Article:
Photography by Adam Gordon, Michael Nardi.
We saved the best part for last.
This is part 5 of a 5-part series. Missed the beginning? Start here.
Way back when we determined what makes a proper street car, I boiled it down to three main factors: Reliability, Comfort, and Style. after addressing both reliability and comfort in the previous two chapters, I finally reached the crescendo of the entire build - style. the entire two-year process of turning someone’s old track toy into the perfect street car had finally reached the home stretch.
It's important to note that style is ultimately subjective, but some things are universal. Things like proportions, lines, color scheme, fitment, and overall composition are all factors in building a car in which all parts work together to create a cohesive theme or look. This meant that my S13’s badly-fitting OEM aero and mismatched gray panels were on the chopping block as I planned a total transformation from top to bottom.
Luckily for me, BASF offered to partner up with us for this portion of the build, and I couldn’t be happier to have the world’s best paint company helping me out. They introduced me to Kingsmen Kustoms in Mississauga, an incredible custom shop that specializes in bringing dreams to reality. In a meeting with both BASF and Kingsmen Kustoms, we narrowed down the three things that make up any car’s style points: overall theme, fitment, and color scheme.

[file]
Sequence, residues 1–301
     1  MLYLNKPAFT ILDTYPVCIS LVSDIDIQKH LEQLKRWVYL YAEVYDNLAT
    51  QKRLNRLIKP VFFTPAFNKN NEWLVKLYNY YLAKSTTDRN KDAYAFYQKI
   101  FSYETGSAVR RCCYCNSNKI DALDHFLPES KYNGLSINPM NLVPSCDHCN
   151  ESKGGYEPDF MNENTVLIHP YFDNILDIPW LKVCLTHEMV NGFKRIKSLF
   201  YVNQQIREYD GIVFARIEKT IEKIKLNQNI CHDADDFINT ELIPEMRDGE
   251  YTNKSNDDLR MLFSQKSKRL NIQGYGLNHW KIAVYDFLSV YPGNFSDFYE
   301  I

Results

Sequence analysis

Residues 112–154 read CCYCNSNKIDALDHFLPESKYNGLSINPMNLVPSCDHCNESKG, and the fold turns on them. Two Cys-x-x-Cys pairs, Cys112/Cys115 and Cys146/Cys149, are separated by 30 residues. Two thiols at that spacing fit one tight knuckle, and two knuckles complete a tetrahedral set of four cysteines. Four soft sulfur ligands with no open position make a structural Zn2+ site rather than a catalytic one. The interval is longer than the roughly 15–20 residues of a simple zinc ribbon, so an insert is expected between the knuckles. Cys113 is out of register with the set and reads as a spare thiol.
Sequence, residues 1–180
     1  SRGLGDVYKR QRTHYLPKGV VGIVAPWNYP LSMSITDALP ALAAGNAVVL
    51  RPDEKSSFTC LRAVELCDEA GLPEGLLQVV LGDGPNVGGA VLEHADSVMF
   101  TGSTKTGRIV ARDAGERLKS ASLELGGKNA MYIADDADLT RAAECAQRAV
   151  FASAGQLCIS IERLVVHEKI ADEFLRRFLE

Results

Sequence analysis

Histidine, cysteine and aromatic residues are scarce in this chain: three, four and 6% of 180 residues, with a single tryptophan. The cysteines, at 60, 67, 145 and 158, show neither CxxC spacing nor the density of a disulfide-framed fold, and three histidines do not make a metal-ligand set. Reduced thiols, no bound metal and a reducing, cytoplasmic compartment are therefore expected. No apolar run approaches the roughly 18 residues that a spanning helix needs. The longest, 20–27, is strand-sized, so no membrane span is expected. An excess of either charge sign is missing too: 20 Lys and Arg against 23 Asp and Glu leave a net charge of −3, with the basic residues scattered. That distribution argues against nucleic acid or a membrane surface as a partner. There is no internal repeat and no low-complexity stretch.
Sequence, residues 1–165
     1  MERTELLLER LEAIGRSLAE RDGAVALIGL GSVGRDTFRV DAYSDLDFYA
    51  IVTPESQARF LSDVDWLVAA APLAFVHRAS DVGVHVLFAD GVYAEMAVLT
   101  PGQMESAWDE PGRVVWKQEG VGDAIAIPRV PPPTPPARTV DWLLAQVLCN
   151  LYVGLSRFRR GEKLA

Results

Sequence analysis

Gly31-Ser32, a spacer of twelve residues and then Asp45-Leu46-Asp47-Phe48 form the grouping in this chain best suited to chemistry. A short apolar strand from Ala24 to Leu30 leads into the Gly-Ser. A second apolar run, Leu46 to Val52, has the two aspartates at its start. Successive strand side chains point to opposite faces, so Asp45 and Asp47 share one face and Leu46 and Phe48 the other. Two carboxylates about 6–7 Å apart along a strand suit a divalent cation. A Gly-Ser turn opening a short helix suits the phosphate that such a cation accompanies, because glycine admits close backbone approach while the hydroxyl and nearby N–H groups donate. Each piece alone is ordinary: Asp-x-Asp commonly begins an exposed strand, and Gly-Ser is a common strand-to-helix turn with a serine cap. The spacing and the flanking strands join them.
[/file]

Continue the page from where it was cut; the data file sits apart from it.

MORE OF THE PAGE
If you’re looking to build something that will remain timeless in its looks, you’ll need an overarching theme to tie everything together. Throwing everything that sticks at a car can result in overkill, even if it does take home the hardware at some shows (and there’s nothing wrong with that, if that's your thing). For me, less is more. I’ve always had a particular affinity for period correct “OEM-plus” JDM cars, and I wanted my 240sx to emulate the style of the golden era of 180sx drift cars, even if I don’t drift (I know, I know. Ironic name for the whole project, then).
In addition to lowering the car substantially, a full RPS13 Type-X aero kit, the same offered from Japanese OEM Nissan at the time, was the key to simple Japanese styling, and would be a perfect fit for the Type X tail lights I installed back in Chapter 1. I still wanted to spice things up just a little bit for that OEM-plus look, so I sourced a D-Max roof spoiler, a low profile Origin Labo trunk spoiler, Origin Labo +20-mm vented fenders, some Ganador mirrors, and N1-style front bumper vents originally made for R33 GT-Rs. These parts give an aggressive look while still remaining relatively subtle overall. With all due respect to the “big wang gang,” little changes that you only notice upon closer inspection are definitely my style.